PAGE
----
Breaking Knees

 

‘Breaking Knees’: Sixty-three Very Short Stories from Syria is not about refugees or civil war. Nor do the stories involve terrorists. Conversely, Zakaria Tamer’s very short tales take place behind the front door, in living rooms and over coffee, between neighbors, and, most importantly, between the sheets. Relationships between women and men lay at the core of Breaking Knees. Tamer depicts a richly flawed society that originates from this foundation. Like ancient ruins, these relationships alert us to the effervescence and beauty of life as well as its inherent finitude.

‘Breaking Knees’ offers masterful prose, exemplified by each concise opening line. Though some stories are mere sentences in length, every character manifests his or her depth within admirably few words. This precision of thought is brought to the fore by Ibrahim Muhawi’s translation. His light touch not only retains the essence of Arabic nuance, but also refreshes the English language. With such superb storytelling and competent translation, Breaking Knees is, simply put, a must-read.

 

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Review by:

Lehyla G. Heward is in the throes of writing a PhD thesis at New Zealand’s Victoria University of Wellington. She researches Chinese and Korean literature from 1930s Manchuria. Short fiction, and literary non-fiction are some of her favorite genres. She loves to read translations because she feels at home in a cross-cultural setting. Since she also translates, they are great learning guides as well.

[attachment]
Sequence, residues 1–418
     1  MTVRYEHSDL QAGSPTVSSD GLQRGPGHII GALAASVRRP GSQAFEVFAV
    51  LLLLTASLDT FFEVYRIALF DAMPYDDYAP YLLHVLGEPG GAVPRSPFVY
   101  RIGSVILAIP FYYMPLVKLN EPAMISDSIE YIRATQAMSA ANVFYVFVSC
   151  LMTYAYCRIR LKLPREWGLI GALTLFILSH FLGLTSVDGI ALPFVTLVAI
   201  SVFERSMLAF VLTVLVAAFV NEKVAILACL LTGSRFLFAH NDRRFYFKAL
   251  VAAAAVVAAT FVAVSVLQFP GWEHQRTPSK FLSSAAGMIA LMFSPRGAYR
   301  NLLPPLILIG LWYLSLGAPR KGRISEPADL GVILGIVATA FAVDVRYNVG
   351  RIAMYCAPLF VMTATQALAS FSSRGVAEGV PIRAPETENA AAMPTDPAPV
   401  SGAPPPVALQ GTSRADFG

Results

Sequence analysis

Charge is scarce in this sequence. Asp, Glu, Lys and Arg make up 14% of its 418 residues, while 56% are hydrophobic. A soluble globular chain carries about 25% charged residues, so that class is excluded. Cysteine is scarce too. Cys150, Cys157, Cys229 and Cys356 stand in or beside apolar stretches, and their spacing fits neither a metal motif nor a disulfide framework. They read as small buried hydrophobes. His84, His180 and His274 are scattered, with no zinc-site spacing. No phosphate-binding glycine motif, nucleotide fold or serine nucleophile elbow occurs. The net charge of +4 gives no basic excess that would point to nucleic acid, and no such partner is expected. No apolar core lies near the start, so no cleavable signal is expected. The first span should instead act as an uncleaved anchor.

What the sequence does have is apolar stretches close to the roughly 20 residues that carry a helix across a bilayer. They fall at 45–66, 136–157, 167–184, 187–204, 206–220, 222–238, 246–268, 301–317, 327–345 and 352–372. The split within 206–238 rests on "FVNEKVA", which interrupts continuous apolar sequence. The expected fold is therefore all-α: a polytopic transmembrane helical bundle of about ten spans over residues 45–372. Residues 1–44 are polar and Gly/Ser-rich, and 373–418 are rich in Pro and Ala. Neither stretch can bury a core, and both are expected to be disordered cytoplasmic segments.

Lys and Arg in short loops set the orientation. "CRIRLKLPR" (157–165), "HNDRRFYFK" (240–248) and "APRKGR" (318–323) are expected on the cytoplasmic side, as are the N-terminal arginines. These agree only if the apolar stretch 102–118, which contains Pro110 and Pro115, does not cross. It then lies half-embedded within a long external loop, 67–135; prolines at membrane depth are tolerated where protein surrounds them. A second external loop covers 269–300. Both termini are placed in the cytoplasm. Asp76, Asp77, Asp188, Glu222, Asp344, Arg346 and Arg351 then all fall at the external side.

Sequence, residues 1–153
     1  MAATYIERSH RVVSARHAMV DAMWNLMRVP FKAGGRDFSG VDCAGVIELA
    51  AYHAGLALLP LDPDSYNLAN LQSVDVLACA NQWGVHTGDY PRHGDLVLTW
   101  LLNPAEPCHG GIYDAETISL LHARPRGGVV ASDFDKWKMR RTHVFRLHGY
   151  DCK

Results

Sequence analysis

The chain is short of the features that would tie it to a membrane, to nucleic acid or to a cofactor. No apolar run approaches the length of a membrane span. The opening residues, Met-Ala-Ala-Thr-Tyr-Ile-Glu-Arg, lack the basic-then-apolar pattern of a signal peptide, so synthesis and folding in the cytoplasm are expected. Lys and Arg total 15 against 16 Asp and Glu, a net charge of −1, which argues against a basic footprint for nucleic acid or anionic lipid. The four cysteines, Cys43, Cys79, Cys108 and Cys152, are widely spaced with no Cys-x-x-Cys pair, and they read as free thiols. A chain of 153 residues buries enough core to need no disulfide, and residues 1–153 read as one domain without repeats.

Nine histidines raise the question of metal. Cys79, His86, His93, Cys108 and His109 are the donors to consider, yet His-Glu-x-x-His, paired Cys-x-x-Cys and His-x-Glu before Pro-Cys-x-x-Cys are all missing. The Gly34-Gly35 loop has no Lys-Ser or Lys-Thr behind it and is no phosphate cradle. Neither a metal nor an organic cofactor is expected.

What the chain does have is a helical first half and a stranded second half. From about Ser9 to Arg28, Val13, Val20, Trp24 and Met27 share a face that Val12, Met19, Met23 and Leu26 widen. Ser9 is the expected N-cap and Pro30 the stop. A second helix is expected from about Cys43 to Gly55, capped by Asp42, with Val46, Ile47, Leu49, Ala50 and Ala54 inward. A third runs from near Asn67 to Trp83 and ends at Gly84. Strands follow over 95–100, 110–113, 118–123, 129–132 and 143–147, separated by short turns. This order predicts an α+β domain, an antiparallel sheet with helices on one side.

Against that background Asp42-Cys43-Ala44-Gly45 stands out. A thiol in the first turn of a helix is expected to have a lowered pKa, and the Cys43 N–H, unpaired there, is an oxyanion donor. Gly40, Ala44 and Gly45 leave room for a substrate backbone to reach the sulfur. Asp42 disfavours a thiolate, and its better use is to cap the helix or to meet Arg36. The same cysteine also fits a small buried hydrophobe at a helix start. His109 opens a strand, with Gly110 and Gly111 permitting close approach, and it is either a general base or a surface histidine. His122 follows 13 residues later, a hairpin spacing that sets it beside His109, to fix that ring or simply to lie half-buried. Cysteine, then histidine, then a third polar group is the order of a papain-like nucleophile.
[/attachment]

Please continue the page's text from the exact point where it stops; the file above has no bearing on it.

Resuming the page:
‘Breaking Knees’ is translated by Ibrahim Muhawi  who is Courtesy Professor in the department of Comparative Literature at the University of Oregon and has directed the Master’s Program in Translation Studies at Edinburgh University. He has also taught at the University of Jordan, Birzeit University (Palestinian Authority) and the University of Tunis, and served as Visiting Professor at the University of California, Berkeley, and the University of Munich. Professor Muhawi is the principal co-author and translator of Speak, Bird, Speak Again: Palestinian Arab Folktales. He has also translated poetry by  Ibrahim Nasrallah and Mahmoud Darwish, and two of the latter’s major poetic prose memoirs: Memory for Forgetfulness (Dhâkira li-l-Nisyân) and Journal of an Ordinary Grief (Yawmiyyât al-Huzn al-‘Âdî), for which he received the PEN translation prize in 2011 as well as Breaking Knees (Taksîr Rukab) by the remarkable Syrian writer, Zakaria Tamer. He has written a number of articles on the practice and theory of translation, and is co-editor of Literature and Nation in the Middle East.

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